Last week, we published our Q2 predictions for the Manhattan condo market in advance of Douglas Elliman's Q2 2019 Manhattan sales report which were released yesterday. We were pretty spot on!  (It made us want to hop on a plane to Vegas to place some real action.)

As we mentioned last week, Q2 was a little strange in that you had two major pieces of real estate legislation come into play: the new mansion tax structure and the new rent stabilization laws. Mortgage rates also dropped by more than 75 bps from earlier in the year.

Here are a few of our takeaways on the condo market from the report:

1. The number of condos sold in Q2 2019 was 72% greater than Q1 2019 and 26% greater than Q2 2018.

Impressive numbers, but we will have to see what Q3 numbers look like to fully understand how much of this increase was due to closings being pushed before the mansion tax came online July 1st.

2. In Q2 2019, the average sales discount was 5.3%, down from 8.2% in Q1 2019.

We expected this number to remain high, and it’s still well above the long term average. New developments represented 37% of condo sales in Q2 (18% in Q1) which likely reduced the average discount as many of those sales were put into contract two to three years ago.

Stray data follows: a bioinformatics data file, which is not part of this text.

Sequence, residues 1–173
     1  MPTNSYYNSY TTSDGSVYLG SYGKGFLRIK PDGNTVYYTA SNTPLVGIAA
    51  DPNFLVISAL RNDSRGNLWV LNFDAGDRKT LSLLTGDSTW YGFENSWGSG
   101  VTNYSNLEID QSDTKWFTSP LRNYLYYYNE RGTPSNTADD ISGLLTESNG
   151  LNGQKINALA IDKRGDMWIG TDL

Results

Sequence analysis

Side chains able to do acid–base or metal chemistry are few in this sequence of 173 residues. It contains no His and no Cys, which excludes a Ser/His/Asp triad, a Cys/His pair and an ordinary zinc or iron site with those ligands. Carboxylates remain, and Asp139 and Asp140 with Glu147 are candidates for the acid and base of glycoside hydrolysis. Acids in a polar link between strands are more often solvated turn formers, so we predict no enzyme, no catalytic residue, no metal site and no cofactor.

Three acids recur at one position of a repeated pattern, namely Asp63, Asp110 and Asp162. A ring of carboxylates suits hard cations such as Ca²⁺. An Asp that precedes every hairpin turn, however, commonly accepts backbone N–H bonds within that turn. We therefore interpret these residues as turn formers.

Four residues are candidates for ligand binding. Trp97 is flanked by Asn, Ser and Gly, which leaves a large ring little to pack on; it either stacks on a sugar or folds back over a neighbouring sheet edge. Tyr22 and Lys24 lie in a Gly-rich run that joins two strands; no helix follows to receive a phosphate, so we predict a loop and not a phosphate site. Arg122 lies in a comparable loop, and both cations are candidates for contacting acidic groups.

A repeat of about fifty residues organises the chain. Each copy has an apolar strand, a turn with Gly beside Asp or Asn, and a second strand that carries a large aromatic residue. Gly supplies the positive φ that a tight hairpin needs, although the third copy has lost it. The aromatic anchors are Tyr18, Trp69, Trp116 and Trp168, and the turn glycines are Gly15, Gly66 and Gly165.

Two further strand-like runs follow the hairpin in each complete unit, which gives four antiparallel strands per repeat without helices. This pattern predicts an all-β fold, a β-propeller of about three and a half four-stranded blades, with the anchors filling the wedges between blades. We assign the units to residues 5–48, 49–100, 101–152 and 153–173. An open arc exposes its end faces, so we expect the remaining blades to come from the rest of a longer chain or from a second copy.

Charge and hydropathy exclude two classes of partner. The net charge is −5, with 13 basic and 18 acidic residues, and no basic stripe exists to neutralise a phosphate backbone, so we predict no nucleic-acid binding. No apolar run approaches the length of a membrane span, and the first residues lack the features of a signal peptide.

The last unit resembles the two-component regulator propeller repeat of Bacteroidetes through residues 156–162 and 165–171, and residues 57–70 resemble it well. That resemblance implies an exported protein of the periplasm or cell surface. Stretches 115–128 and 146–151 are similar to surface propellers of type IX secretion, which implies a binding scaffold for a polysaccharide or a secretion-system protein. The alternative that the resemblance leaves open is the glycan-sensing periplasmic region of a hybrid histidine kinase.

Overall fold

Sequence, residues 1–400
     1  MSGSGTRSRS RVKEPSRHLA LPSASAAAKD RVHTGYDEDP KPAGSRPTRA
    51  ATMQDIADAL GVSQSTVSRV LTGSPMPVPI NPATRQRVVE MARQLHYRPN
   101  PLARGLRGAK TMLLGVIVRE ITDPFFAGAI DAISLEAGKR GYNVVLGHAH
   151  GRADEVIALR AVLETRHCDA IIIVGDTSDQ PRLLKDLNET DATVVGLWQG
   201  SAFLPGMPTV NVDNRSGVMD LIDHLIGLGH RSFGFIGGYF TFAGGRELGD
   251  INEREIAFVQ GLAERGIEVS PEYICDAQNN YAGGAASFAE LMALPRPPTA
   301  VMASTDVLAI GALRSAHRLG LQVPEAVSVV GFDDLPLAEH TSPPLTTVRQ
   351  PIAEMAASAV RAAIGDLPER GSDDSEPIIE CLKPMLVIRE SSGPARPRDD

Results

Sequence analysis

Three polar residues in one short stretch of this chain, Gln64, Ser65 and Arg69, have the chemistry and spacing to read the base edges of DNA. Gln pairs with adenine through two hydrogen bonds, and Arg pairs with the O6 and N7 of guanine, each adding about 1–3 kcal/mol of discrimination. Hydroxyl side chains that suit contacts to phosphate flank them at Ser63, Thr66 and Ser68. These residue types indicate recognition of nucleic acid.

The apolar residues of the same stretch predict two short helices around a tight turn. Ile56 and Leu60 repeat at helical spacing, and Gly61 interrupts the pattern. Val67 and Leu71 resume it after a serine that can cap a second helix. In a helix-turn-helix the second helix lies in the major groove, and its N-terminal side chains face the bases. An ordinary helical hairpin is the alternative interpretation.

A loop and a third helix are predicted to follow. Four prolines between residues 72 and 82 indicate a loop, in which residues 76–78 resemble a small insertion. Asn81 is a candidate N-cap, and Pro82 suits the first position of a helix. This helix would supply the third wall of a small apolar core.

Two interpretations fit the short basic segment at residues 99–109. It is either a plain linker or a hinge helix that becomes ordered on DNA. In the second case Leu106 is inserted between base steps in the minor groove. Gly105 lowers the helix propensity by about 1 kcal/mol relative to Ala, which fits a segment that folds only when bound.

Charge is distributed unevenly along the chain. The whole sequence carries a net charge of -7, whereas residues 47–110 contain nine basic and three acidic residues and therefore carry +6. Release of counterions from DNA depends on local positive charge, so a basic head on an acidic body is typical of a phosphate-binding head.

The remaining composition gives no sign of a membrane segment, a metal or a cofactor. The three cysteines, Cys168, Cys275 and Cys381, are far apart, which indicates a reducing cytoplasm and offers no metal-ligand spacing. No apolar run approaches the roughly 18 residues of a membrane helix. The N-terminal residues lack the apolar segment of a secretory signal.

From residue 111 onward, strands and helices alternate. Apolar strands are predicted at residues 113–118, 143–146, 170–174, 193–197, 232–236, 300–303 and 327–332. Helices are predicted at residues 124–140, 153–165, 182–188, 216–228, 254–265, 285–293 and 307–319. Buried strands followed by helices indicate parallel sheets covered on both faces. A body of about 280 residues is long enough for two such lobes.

3. Despite the increase in sales, listing inventory rose by 11.5%.

This is where it gets interesting. If the increase in sales was truly due to a rush to beat the mansion tax, Q3 could be a rough quarter with even more inventory on the market. If Q2 was actually a signal of increasing demand, the absorption rate could continue to be in the 8-10 month range.

What It All Means For Manhattan

Investor sentiment can change on a dime.  If buyers believe that prices are rising (or going to rise), they will become a lot more active and less patient than they have been the past few years. We won’t be able to tell whether Q2 was a function of a rush to close before July or if it was truly an increase in demand. Taking all of the numbers at face value, it’s certainly still a buyer’s market with relatively high supply, listing discounts, and absorption rates.

We started tracking Q3 sales this week and will be following closely to see if there’s real momentum moving forward or if Q2 was just a "dead cat bounce."